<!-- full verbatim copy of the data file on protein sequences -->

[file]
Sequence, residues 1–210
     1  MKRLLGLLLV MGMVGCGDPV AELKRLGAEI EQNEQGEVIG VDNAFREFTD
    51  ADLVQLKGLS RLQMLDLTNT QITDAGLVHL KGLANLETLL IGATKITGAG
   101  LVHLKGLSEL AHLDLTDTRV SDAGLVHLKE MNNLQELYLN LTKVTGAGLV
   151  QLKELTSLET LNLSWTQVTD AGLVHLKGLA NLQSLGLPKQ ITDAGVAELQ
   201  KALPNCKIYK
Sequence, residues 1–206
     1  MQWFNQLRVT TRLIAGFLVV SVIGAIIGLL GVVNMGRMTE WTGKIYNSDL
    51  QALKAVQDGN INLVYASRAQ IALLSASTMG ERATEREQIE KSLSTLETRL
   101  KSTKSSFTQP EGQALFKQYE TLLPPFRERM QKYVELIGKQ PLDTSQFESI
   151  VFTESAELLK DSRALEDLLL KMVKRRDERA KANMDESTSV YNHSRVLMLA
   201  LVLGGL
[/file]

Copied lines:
Sequence, residues 1–210
     1  MKRLLGLLLV MGMVGCGDPV AELKRLGAEI EQNEQGEVIG VDNAFREFTD
    51  ADLVQLKGLS RLQMLDLTNT QITDAGLVHL KGLANLETLL IGATKITGAG
   101  LVHLKGLSEL AHLDLTDTRV SDAGLVHLKE MNNLQELYLN LTKVTGAGLV
   151  QLKELTSLET LNLSWTQVTD AGLVHLKGLA NLQSLGLPKQ ITDAGVAELQ
   201  KALPNCKIYK
Sequence, residues 1–206
     1  MQWFNQLRVT TRLIAGFLVV SVIGAIIGLL GVVNMGRMTE WTGKIYNSDL
    51  QALKAVQDGN INLVYASRAQ IALLSASTMG ERATEREQIE KSLSTLETRL
   101  KSTKSSFTQP EGQALFKQYE TLLPPFRERM QKYVELIGKQ PLDTSQFESI
   151  VFTESAELLK DSRALEDLLL KMVKRRDERA KANMDESTSV YNHSRVLMLA
   201  LVLGGL